ClimateNews

$138 Million Needed To Support Drought-Affected Farmers In East Africa – UN

The UN has said a third season of drought driven by La Niña is raising concerns in Somalia, and El Nino in Kenya and Ethiopia which could result in a large-scale hunger crisis if the region's food producing rural communities do not receive adequate assistance set for upcoming agricultural seasons.

At least $138 million urgent funding is needed to assist 1.5 million vulnerable people in rural communities in the East Africa whose fields and livestocks have been taken by an extended drought, the Food and Agriculture Organisation of the United Nations (FAO) said on Monday, Jan. 17, as it released a comprehensive response plan calling for a range of support for agriculture in the region.

In Ethiopia, Kenya, and Somalia, the worst affected countries hit by drought, estimation from FAO indicates that some 25.3 million people will be facing acute food insecurity by mid-2022.

Rein Paulsen, FAO’s Director of Emergencies and Resilience added that the lean season that has just started is marked by limited grazing opportunities for pastoralist families and their livestock.  

In the FAO’s Horn of Africa Drought Response Plan, Paulsen called for over $138 million to help rural communities withstand the latest threat, “with $130 million of that total urgently needed by the end of February to provide time-critical assistance to highly-vulnerable, agriculture-reliant communities in the three most impacted countries.”


“We know from experience that supporting agriculture at moments like this is hugely impactful, that when we act fast and at the right moment to get water, seeds, animal feed, veterinary care, and much needed cash to at-risk rural families, then hunger catastrophes can be averted,” Paulsen added.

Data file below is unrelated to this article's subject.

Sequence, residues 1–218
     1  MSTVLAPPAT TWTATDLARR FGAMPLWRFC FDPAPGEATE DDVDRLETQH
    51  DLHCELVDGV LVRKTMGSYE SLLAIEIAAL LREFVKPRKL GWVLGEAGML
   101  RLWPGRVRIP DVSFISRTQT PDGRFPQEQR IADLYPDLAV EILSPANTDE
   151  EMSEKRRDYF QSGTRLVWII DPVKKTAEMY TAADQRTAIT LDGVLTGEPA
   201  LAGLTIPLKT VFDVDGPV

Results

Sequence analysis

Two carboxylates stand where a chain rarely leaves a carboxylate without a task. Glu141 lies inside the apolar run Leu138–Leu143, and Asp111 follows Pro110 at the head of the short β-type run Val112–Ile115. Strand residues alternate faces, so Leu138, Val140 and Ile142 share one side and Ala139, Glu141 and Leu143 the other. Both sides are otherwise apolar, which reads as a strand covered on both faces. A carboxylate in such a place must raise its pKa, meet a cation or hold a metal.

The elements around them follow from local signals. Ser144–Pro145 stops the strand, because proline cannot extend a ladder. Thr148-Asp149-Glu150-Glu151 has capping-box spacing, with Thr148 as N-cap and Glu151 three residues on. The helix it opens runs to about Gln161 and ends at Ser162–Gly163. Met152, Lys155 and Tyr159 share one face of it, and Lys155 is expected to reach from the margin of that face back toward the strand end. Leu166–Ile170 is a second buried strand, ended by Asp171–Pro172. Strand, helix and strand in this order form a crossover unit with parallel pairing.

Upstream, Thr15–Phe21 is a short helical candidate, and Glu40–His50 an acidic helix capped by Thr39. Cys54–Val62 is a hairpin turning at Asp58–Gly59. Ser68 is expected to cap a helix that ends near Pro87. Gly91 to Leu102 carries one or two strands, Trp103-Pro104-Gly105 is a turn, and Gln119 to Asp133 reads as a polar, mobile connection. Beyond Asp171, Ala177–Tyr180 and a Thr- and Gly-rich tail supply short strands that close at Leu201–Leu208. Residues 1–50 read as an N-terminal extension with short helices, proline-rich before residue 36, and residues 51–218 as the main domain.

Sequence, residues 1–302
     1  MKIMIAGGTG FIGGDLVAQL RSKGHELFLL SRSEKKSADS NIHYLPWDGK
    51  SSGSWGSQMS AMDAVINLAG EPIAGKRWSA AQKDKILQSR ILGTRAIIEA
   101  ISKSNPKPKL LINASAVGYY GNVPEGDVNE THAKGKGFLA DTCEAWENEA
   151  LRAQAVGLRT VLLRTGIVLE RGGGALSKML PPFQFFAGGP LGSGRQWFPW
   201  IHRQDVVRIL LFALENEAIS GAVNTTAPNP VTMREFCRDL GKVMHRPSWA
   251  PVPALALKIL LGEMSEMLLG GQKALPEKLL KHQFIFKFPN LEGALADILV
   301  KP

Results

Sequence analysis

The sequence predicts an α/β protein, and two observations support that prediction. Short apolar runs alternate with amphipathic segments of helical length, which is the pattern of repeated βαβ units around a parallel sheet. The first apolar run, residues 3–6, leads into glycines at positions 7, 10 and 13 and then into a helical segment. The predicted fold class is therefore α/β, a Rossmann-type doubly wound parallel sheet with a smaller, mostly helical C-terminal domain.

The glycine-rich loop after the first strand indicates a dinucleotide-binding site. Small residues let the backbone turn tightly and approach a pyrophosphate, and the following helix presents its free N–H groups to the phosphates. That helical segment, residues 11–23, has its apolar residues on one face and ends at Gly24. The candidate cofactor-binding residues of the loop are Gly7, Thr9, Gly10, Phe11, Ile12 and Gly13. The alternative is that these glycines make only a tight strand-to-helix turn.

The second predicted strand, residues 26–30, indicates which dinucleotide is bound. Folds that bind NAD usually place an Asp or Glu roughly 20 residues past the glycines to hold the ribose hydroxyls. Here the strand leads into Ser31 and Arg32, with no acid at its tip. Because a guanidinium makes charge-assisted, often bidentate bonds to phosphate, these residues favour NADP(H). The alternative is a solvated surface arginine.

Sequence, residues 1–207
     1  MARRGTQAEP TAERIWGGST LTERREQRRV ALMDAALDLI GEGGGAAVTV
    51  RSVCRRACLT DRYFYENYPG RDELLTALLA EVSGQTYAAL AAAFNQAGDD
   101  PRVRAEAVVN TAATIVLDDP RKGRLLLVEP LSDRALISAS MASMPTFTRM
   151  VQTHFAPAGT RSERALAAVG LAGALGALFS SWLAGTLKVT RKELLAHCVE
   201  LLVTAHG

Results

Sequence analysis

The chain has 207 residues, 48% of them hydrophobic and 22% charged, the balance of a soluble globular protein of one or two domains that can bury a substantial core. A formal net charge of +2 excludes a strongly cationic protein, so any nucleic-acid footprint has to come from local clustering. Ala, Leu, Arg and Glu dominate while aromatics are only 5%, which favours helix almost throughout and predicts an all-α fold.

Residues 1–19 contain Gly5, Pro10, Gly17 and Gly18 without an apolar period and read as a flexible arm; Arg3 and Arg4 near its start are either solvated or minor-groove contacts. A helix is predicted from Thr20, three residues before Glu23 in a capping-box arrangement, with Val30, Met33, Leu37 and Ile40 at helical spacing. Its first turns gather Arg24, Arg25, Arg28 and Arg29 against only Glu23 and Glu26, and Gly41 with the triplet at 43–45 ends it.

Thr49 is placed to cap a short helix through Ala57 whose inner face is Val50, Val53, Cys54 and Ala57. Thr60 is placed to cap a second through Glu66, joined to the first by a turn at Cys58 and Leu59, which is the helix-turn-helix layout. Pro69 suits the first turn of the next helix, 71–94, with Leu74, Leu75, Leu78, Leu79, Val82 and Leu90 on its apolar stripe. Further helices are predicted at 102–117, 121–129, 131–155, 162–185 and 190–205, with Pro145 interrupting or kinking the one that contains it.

Ethiopia has been experiencing its worst drought in years, with the escalating conflict leaving thousands of people displaced and many facing food insecurity. According to the World Food Programme, 9.4 million people are in need of humanitarian food assistance.

Humanitarian needs in Ethiopia have tripled since early 2015 as severe drought in some regions, exacerbated by the strongest El Nino in decades, resulted in successive harvest failures and widespread livestock deaths.

Also, acute malnutrition has risen sharply, and one quarter of Ethiopia’s districts are now officially classified as facing a nutrition crisis. Out of 10.2 million people now requiring urgent humanitarian assistance. 

In Somalia, the UN has estimated that people in Somalia are at risk of hunger due to the worsening drought situation. The UN added that natural disaster has been the main cause of displacement in Somalia, a country ranked the most vulnerable in climate change.

More than 3.2 million people in 66 out of the country’s 74 districts are experiencing the cumulative impacts of three consecutive below average rainy seasons, of whom 169,000 people have abandoned their homes in search of water, food and pasture. 

According to FEWSNET/FSNAU, the 2021 deyr (October-December) rains have largely failed across most of Somalia which has led to the worst seasonal harvests, death of excess livestock, and high cereal prices. The situation is projected to intensify as Somalia faces the risk of a fourth consecutive failed rainy season in early 2022.

Driven by Climate change, the worst food insecurity is gripping Kenya. The lack of rainfall has wiped out food and water shortages. The worsening drought has significantly hindered crop production and damaged livestock, leaving nearly 2.4 million people in the Arid and Semi-Arid Lands (ASAL) region struggling to eat (IPC Phases 3 and above), including around 368,000 people in emergency levels of hunger (IPC Phase 4), and over 523,000 children under age 5 in urgent need of treatment for acute malnutrition.

Chimimba David Phiri, FAO’s Subregional Coordinator for Eastern Africa (SFE) and Representative to the African Union and to the United Nations Economic Commission for Africa said that it was time to invest more in addressing the drivers of hunger, and build people’s capacity to keep producing even when hit by shocks like drought, so that inevitable shocks do not inevitably descend into humanitarian crises.

“For years we have seen the same cycles of vulnerability and stress undermining agricultural productivity in the rural communities of the Horn of Africa,” Phiri said.


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